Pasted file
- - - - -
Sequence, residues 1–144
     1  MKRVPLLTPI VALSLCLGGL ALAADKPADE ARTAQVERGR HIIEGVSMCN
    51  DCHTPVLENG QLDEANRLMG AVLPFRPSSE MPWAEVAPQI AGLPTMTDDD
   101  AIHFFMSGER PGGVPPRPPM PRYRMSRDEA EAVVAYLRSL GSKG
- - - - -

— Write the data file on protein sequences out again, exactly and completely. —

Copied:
Sequence, residues 1–144
     1  MKRVPLLTPI VALSLCLGGL ALAADKPADE ARTAQVERGR HIIEGVSMCN
    51  DCHTPVLENG QLDEANRLMG AVLPFRPSSE MPWAEVAPQI AGLPTMTDDD
   101  AIHFFMSGER PGGVPPRPPM PRYRMSRDEA EAVVAYLRSL GSKG